In any sport you're always going to have the standard GOAT debates. There are a handful of universally accepted contenders in those debates and it usually always boils down to championships or points or whatever. But either way, the conversation is typically centered around what those athletes accomplished on their respective playing field or surface.
And when we're talking about purely lacrosse accomplishments, Paul Rabil is without a doubt in the GOAT conversation. He's a 2x National Champion. A 2x MLL Champion. A 2x MLL MVP. An NLL Champion. A 2x World Lacrosse Champion. The all-time leader in pro field lacrosse points. So just from an on-field accomplishments perspective alone, Paul Rabil's name has to get brought up in the GOAT debate along with other legends like Gary Gait, John Grant Jr, Casey Powell, Mikey Powell, Jim Brown, Dave Pietramala, etc. etc. But once you get into that debate, it's a toss up on how you'd personally rank those guys.
When we're talking about off the field, however? When we're talking about the impact that players have had on the sport in general? Well it's not even close.
Paul Rabil is the closest thing to a household name that the game has had. Part of that is obviously being in the right place at the right time. Paul Rabil's career was just getting underway around the same time as social media. So in that sense he was always going to have a bigger platform to work with than the legends who came before him. But to take that moment in time and turn it into becoming the game's first million dollar man, to endorsements with Red Bull, to videos with Dude Perfect (they're dorks but they're also dorks with 56.7M YouTube subscribers), to interviews on Pardon My Take (they're dorks but they're dorks who also make $750K per episode after taxes), to then starting your own league with the goal to provide the best lacrosse on the planet to the fans while providing a legitimate career path for future pro lacrosse players. Gary Gait was a legend. John Grant Jr. put up an insane amount of points. Mikey Powell was a lacrosse cultural icon. But nobody has taken the game on a longer journey than where it was when they first found it to where it is today than Paul Rabil has. All while still playing. At a pretty high level, too.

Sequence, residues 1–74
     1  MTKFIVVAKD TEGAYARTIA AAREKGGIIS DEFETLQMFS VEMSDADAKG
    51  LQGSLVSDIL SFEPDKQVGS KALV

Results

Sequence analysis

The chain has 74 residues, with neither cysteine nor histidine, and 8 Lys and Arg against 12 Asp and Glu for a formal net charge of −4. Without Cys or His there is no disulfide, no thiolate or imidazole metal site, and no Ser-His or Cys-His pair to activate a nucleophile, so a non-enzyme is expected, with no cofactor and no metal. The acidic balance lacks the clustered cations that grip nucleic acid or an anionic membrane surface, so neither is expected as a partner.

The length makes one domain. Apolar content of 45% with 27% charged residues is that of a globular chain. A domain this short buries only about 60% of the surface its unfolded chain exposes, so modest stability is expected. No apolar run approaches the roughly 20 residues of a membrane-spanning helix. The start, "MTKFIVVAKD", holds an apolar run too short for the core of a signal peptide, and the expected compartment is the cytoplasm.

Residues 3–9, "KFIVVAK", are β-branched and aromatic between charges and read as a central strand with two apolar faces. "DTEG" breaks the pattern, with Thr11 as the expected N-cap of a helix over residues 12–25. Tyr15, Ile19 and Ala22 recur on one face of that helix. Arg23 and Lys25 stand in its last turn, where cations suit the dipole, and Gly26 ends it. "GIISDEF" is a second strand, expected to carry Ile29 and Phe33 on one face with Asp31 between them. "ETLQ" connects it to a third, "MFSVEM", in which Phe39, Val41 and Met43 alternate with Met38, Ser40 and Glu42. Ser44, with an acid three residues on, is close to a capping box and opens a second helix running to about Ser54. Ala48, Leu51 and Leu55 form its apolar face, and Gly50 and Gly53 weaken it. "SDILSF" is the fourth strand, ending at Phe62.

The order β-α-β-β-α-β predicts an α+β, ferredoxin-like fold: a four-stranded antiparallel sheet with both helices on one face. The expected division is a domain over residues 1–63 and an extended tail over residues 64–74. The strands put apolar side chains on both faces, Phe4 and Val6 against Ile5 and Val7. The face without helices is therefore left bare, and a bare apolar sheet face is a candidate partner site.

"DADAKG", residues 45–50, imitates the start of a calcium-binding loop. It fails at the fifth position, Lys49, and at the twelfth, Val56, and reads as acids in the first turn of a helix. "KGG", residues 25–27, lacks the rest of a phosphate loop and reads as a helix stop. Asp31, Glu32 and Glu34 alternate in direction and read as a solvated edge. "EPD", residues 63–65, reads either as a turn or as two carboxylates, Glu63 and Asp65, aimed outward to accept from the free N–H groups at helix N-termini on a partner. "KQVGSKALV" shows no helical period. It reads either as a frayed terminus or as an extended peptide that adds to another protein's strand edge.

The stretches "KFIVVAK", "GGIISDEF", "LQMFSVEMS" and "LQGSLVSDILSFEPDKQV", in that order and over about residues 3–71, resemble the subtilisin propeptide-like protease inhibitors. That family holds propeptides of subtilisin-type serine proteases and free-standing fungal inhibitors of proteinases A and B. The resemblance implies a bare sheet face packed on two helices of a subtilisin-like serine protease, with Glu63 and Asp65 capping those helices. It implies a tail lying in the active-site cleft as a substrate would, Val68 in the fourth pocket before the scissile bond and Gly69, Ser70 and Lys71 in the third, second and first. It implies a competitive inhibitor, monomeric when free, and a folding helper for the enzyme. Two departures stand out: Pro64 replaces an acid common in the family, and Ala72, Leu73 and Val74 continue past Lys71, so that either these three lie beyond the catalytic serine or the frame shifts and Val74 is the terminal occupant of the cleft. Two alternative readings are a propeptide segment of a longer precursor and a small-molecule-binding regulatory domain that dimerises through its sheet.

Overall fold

But now that playing career has come to an end, like all things do at one point. And all things considered, this was likely the best way for it to go.
Rabil has an unbelievable season in which he got to play one final year with the same team that he started his professional career with. There were also a few moments on the field this summer that…well…weren't so great. And it was becoming abundantly clear that being a founder of the league as well as a player whose emotions can run high sometimes doesn't exactly go hand-in-hand with each other. At some point you'd have to choose between being one or the other, and now is the perfect time for Paul Rabil to focus solely on growing the league instead of winning it.
For the longest time, the sport needed a presence as large as Paul Rabil's to keep the momentum going. But that's not the case anymore. Because the league has done a great job as growing and developing stars. The league has done a great job at growing and developing an audience. More people know the names of more lacrosse players today than ever before. There may not be another "household" name just yet, but they're on their way.
So congratulations to Paul Rabil on what was a beyond legendary career. It's the end of an era, but one which will have significant impacts on multiple eras still to come. And now one last time for old times' sake, cue the Breaking Benjamin.